Hospital-Level Variability in Broad-Spectrum Antibiotic Use for Children With Acute Leukemia Undergoing Hematopoietic Cell Transplantation.

TitleHospital-Level Variability in Broad-Spectrum Antibiotic Use for Children With Acute Leukemia Undergoing Hematopoietic Cell Transplantation.
Publication TypeJournal Article
Year of Publication2018
AuthorsElgarten CW, Arnold SD, Li Y, Huang Y-SV, Riches ML, Gerber JS, Aplenc R, Saber W, Fisher BT
JournalInfect Control Hosp Epidemiol
Pagination1-9
Date Published2018 May 08
ISSN1559-6834
Abstract

OBJECTIVETo explore the prevalence and drivers of hospital-level variability in antibiotic utilization among hematopoietic cell transplant (HCT) recipients to inform antimicrobial stewardship initiatives.DESIGNRetrospective cohort study using data merged from the Pediatric Health Information System and the Center for International Blood and Marrow Transplant Research.SETTINGThe study included 27 transplant centers in freestanding children's hospitals.METHODSThe primary outcome was days of broad-spectrum antibiotic use in the interval from day of HCT through neutrophil engraftment. Hospital antibiotic utilization rates were reported as days of therapy (DOTs) per 1,000 neutropenic days. Negative binomial regression was used to estimate hospital utilization rates, adjusting for patient covariates including demographics, transplant characteristics, and severity of illness. To better quantify the magnitude of hospital variation and to explore hospital-level drivers in addition to patient-level drivers of variation, mixed-effects negative binomial models were also constructed.RESULTSAdjusted hospital rates of antipseudomonal antibiotic use varied from 436 to 1121 DOTs per 1,000 neutropenic days, and rates of broad-spectrum, gram-positive antibiotic use varied from 153 to 728 DOTs per 1,000 neutropenic days. We detected variability by hospital in choice of antipseudomonal agent (ie, cephalosporins, penicillins, and carbapenems), but gram-positive coverage was primarily driven by vancomycin use. Considerable center-level variability remained even after controlling for additional hospital-level factors. Antibiotic use was not strongly associated with days of significant illness or mortality.CONCLUSIONAmong a homogenous population of children undergoing HCT for acute leukemia, both the quantity and spectrum of antibiotic exposure in the immediate posttransplant period varied widely. Antimicrobial stewardship initiatives can apply these data to optimize the use of antibiotics in transplant patients.Infect Control Hosp Epidemiol 2018;1-9.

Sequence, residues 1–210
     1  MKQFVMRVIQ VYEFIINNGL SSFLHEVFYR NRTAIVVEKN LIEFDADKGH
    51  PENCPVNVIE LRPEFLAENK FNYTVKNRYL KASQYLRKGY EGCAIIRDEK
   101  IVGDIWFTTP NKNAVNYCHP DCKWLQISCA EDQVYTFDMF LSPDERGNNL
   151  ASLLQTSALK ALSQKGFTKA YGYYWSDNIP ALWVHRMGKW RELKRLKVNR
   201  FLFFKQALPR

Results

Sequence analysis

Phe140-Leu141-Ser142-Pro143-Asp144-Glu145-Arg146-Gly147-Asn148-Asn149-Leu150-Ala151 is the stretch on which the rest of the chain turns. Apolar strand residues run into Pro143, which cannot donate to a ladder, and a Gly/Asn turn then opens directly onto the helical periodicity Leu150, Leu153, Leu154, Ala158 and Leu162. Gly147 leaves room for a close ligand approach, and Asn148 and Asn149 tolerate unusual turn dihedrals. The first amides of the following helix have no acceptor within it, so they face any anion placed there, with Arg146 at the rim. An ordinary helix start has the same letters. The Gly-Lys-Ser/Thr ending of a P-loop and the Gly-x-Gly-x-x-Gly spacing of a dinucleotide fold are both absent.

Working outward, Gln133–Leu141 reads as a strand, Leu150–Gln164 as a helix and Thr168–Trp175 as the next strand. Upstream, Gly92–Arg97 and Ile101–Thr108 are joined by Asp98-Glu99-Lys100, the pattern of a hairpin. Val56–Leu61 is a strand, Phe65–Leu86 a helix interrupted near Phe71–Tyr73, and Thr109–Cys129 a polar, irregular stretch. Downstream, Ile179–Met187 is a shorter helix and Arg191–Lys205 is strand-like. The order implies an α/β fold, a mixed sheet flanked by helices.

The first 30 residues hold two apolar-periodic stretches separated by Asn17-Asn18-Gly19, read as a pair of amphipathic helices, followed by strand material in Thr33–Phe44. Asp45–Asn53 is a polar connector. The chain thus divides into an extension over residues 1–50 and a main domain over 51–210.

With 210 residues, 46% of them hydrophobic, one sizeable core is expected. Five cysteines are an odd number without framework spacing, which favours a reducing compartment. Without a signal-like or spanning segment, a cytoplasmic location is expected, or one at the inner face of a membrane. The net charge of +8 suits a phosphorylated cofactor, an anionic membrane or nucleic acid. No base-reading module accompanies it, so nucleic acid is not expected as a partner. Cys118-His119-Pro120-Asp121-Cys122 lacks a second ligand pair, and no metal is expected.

DOI10.1017/ice.2018.96
Alternate JournalInfect Control Hosp Epidemiol
PubMed ID29734957